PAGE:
- Developer/Publisher: Crate Entertainment
- Platform: PC (Steam – $/€24.99)
- Review code provided by the developer.
Crate Entertainment’s dedication and passion for the action role-playing genre certainly shows with the recently released Grim Dawn for the PC. Years of pedigree in the genre have culminated in a new title that takes the conventions of prior titles and mixes them fluidly with mechanics to create a project that feels familiar, yet undeniably fresh.
The setting of Grim Dawn draws not from previous works under Crate’s belt such as Titan Quest, but rather a dynamic based upon equal parts Essex County, Massachusetts and the unsavory Wild West. The first glimpses into the world of Cairn matches that of a Salem Witch Hunt; a reluctant hero finds themselves possessed by an otherworldly spirit and nearly hanged by those wishing to keep peace in the town of Devil’s Crossing.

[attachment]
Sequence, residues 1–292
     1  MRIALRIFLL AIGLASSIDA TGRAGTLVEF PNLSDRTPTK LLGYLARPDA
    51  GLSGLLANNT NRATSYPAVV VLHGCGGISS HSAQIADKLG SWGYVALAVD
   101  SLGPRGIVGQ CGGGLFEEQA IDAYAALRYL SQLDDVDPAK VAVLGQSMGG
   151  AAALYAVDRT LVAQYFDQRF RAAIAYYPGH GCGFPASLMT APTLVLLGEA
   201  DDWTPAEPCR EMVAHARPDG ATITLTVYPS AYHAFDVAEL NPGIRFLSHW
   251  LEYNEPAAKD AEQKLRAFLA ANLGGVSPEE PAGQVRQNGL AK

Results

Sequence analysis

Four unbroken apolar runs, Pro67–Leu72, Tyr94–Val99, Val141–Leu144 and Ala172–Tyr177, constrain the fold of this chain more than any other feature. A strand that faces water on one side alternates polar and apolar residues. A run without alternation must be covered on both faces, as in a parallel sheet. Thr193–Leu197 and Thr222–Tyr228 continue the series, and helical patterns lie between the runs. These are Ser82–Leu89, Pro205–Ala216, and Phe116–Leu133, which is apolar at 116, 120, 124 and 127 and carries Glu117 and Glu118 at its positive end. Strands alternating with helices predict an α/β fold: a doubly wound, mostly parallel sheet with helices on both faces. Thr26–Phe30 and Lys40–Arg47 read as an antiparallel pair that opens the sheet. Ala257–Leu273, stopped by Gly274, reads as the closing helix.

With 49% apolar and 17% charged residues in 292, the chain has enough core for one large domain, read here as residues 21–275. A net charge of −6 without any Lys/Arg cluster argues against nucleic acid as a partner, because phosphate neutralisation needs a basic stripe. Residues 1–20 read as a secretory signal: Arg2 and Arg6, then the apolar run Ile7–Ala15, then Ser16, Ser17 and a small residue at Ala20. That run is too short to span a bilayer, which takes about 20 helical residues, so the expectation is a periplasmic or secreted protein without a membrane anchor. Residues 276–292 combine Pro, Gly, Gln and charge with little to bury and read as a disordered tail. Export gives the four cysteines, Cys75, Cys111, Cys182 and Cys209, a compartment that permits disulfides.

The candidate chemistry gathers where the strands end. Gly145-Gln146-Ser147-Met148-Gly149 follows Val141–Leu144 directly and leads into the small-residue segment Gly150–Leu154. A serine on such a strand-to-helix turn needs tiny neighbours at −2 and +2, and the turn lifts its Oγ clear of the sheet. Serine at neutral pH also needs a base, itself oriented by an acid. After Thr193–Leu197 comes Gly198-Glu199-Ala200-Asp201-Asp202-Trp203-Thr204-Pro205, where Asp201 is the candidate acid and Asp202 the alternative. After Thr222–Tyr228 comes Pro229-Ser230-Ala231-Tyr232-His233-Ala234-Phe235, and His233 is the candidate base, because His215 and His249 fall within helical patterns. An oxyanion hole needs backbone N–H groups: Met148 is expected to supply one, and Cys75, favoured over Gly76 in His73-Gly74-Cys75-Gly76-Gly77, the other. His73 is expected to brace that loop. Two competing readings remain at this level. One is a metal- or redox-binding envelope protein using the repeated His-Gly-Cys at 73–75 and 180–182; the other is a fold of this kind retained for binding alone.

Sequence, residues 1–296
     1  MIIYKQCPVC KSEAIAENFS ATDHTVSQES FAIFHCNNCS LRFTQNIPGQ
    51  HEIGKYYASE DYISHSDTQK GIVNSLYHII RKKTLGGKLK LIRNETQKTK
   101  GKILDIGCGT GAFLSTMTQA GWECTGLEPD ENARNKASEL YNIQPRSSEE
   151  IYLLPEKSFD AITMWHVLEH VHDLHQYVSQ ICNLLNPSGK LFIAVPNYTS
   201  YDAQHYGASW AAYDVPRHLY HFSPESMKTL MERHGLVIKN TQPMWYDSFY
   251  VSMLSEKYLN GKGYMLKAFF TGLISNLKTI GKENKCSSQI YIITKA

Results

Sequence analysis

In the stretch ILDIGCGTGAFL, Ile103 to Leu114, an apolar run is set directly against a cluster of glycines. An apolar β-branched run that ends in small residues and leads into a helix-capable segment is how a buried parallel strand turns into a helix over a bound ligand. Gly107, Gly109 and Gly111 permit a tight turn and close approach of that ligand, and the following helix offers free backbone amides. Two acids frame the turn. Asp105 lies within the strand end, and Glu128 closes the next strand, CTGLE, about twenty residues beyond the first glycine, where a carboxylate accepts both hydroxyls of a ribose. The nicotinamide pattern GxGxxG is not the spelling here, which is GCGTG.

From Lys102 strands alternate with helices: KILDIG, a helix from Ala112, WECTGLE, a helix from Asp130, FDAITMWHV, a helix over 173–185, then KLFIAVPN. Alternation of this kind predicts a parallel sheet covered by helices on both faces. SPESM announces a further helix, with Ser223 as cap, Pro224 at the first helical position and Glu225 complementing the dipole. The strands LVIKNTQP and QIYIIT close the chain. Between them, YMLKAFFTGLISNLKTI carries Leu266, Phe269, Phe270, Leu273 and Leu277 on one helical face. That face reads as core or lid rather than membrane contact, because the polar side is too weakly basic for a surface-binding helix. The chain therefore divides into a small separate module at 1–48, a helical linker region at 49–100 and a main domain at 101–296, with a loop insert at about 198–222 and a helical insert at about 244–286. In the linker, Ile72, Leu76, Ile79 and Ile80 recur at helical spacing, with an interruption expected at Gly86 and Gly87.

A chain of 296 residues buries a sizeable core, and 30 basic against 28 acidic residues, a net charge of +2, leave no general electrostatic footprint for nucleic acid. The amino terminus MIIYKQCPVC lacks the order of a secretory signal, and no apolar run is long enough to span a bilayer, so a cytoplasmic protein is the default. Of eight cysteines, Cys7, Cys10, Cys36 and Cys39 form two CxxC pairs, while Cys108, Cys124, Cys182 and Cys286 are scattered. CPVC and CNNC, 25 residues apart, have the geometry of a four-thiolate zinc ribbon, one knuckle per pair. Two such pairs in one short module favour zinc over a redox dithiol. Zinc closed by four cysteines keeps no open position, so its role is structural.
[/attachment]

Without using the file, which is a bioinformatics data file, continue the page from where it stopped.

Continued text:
Upon being liberated from the gallows and given the chance to properly set foot in Cairn and destroy the walking dead just outside town, players pick from one of six classes and work towards unlocking the specialties of that particular class through the constant addition of skill points with every level increase.
What sets Grim Dawn apart from its contemporaries is the addition of dual-classing, giving players the option to pick a second class and working their masteries in tandem to create unique skill synergies. My personal favorite combination through my hours in the world of Cairn was the fraternization of Demolitionist and Occultist, resulting in a unique Pyromancer class that laid waste to anything in its path through the use of dual-wielding pistols and various elemental damage buffs. Being able to freely customize two classes into a single powerhouse gives players much greater freedom with adapting a build to their playstyle, and as the game is continuously patched, new viable skill sets are popping up frequently.